How to shake off the winter blues and embrace spring
Here comes spring, finally peeking its timid head around the corner. Well, sort of. In New York, our lows are still in the 40s. Even worse, parts of the Midwest are still getting hit with blizzards and “bomb cyclones.” I like winter, but I’m over it by now. And the winter blues are dragging me down, emotionally and mentally.
Anxious to escape my lingering winter funk, I reached out to my friend, Jeanette Volpi, an Ayurvedic health counselor and meditation teacher (as well as the head of communications for North America at Visa).
Developed in India more than 5,000 years ago, Ayurveda is considered the oldest health care system in the world to still be practiced today. Jeanette describes it as “a preventative science that encourages staying in touch with yourself and your body to protect and maintain health in the healthy and combat disease in the sick. Practicing it is about paying attention to little signals to prevent illness from happening.”
Ayurveda is all about finding balance through a holistic view of diet and lifestyle, and Ayurvedic tradition views the changing seasons as a key time when that balance can be difficult to maintain.
The heart of the winter blues: kapha
Jeanette tells me that the problem I’m experiencing (as many people probably are) is a buildup of something called kapha. Kapha is one of the three doshas (the other two are pitta and vata). In Ayurveda, doshas are “life forces,” or energies, that characterize all of us. Each dosha represents certain qualities.
Kapha is inherently cold, heavy, smooth, soft, slow, stable, solid and wet. “You can see how those qualities correspond to the seasons,” Jeanette says. “Think about the heaviness of winter, the softness of snow, the wetness and slowness.”
As we come to the end of one season and transition to the next, we tend to have an abundance of the dosha (kapha, in this case) that is dominant during the season we are transitioning out of.
This means that, as we enter spring, we may still be holding onto the sluggishness that feels so normal in wintertime. When winter begins, it’s perfectly healthy to curl up on the couch under a blanket. But by the end of the season, that sedentary tendency persists for many of us. For me, this can translate to sluggishness, depression and isolation. Not to mention the physical impact, as the winter blues can also bring slow digestion, weight gain and sinus congestion. (For more on this, read Jeanette’s post on the “Four signs it’s time for spring cleaning.”)
Like attracts like and opposites balance
“The good news is there’s something you can do about it,” says Jeanette.
Ayurvedic theory emphasizes aligning with nature’s rhythms to achieve balance. To do this, one notion that underlies a lot of the practice is: “Like attracts like and opposites balance.”
To balance out my sluggishness and pull myself out of the winter rut, she tells me I need to do the opposite: Get warm. Get active. Go out and do things. Here’s how:
1. Eat in season
To balance out the “cold” quality of kapha, Jeanette says, “Focus on eating warm, cooked foods, instead of cold foods like yogurt, cereal and salad. And you can counteract the heaviness of kapha by cooking a little lighter.” She recommends focusing on steamed or sauteed vegetables, and limiting heavier foods like meat, dairy and sugar. She says you can use some olive oil, coconut oil or ghee, but try to use less of it.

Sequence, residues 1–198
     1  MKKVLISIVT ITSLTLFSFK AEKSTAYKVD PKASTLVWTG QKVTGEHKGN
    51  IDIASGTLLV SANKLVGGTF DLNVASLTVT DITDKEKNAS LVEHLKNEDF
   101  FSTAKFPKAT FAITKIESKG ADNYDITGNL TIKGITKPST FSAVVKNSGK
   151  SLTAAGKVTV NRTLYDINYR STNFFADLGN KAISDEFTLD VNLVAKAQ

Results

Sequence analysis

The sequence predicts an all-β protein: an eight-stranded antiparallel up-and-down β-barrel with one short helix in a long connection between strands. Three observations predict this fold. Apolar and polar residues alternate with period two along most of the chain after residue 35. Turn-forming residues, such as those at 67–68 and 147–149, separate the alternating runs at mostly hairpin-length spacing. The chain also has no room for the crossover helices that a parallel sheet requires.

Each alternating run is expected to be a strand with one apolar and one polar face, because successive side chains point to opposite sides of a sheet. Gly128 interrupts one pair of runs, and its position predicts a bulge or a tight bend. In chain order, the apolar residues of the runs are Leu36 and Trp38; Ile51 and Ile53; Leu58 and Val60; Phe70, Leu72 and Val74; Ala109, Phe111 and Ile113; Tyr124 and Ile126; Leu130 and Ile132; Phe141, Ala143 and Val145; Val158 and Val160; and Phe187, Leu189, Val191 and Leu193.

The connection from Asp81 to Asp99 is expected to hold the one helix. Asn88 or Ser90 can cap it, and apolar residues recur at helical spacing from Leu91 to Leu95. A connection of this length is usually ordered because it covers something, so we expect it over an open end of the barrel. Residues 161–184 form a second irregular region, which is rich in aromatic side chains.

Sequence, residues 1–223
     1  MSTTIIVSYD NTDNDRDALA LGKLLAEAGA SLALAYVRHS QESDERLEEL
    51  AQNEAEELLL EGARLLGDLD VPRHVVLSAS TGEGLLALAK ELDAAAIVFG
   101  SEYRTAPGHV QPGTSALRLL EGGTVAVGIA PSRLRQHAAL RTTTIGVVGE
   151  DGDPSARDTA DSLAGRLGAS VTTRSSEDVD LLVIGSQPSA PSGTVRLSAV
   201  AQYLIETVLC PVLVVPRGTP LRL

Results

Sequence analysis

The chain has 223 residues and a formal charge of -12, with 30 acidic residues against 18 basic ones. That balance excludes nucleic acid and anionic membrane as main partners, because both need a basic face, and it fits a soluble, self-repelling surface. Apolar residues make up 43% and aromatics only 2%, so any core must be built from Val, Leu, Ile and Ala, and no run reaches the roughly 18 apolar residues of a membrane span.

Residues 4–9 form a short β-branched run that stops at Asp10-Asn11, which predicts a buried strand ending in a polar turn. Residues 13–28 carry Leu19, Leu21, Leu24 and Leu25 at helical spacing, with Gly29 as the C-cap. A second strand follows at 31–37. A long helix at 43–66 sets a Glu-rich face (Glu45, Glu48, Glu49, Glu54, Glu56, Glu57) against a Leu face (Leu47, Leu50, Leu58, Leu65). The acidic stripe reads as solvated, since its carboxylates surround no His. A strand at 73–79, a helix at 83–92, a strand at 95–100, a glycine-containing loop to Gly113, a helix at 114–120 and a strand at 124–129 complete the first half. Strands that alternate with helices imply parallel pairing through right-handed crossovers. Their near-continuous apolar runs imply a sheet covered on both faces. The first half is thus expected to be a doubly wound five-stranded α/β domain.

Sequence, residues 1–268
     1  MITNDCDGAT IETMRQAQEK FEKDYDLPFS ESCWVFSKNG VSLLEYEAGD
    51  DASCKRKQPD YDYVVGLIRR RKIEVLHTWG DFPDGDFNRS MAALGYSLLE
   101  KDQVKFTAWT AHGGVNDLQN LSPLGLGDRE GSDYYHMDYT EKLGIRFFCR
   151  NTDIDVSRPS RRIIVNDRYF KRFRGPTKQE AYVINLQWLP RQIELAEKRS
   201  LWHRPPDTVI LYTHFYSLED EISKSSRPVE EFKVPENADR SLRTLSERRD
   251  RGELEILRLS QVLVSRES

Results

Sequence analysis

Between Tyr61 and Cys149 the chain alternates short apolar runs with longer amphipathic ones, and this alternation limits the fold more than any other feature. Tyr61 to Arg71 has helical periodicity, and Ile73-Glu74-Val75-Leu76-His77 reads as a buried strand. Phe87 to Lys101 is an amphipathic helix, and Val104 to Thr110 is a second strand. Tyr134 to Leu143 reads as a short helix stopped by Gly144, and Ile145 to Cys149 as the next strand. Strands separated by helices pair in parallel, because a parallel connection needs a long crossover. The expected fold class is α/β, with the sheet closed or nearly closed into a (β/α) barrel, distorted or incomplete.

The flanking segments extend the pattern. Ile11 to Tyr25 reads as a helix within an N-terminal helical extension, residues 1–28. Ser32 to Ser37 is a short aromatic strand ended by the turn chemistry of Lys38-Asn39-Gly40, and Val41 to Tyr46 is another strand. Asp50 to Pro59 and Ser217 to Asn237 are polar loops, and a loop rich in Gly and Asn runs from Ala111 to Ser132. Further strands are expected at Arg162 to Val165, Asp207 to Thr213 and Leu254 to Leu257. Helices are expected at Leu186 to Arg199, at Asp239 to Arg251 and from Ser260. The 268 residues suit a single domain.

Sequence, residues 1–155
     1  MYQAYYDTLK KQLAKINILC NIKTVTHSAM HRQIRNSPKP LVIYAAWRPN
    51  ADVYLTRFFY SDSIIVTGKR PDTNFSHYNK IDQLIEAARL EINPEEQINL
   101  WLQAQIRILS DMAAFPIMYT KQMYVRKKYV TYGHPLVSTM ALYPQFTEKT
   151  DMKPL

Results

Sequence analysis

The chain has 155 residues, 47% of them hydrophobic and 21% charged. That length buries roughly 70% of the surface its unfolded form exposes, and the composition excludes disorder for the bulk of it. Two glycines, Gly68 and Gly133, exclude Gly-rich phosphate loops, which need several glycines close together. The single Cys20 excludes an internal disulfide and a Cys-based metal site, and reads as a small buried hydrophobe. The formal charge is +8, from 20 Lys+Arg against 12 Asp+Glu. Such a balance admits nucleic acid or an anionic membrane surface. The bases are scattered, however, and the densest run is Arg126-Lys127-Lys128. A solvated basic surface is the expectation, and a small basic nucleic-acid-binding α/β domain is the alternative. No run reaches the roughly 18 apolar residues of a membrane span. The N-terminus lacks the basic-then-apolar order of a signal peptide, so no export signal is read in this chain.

“In the dead of winter, you need heavier foods. But when you’re transitioning out you need to start lightening up. The best thing to do is focus on eating what’s in season.”
This time of year, that means embracing the bitter, pungent and astringent flavors of spring greens and vegetables — things like asparagus, radishes, sprouts, rhubarb and certain berries.
She also recommends cooking with warming spices like ginger, sesame, black pepper and mustard.
2. Mix things up
“Another thing you can do is recognize that you’ve been in this slow, steady and stable state, and think about how you can mix it up.”
This could be a tiny thing like taking a different route to work, varying your schedule or simply getting outside more. She also suggests making yourself wake up earlier, especially if you’ve been hibernating a bit through the winter.
3. Consider a cleanse
Jeanette is a big proponent of spring cleaning cleanses to get rid of “excess buildup of certain elements.” The Ayurvedic kitchari cleanse she recommends isn’t extreme or scary — it’s not about fasting, consuming only juice for a week, or robbing your body of nutrients in any way. It’s about limiting yourself to eating simple, cooked foods — lentils, rice, vegetables and spices, without processed foods or unnecessary additives — for a time as a way to reset.
4. Workplace hacks
To embrace these changes at work, Jeanette recommends making your lunch instead of running out to grab takeout with (oftentimes) mystery ingredients.
“As it gets warmer, try to go for walks. And try to eat lunch away from your desk, taking a break from your phone and your computer. It doesn’t need to be an hour — forcing yourself to take 10 minutes can go a long way” toward helping yourself reset. She also recommends trying to shift your way of thinking: “I’ve been asking myself how I can look at work differently, and find new ways to see value in what I’m doing.” That could mean taking on a new project that interests you, or bringing a new approach to shake things up.
Jeanette acknowledges that it can be hard to make these changes part of your reality and recommends starting small: “You only have so much control over your routine at work: You probably can’t just say, ‘I’m not going to this meeting anymore,’ but you might be able to control your commute, or to suggest conducting that same meeting while walking around the block.”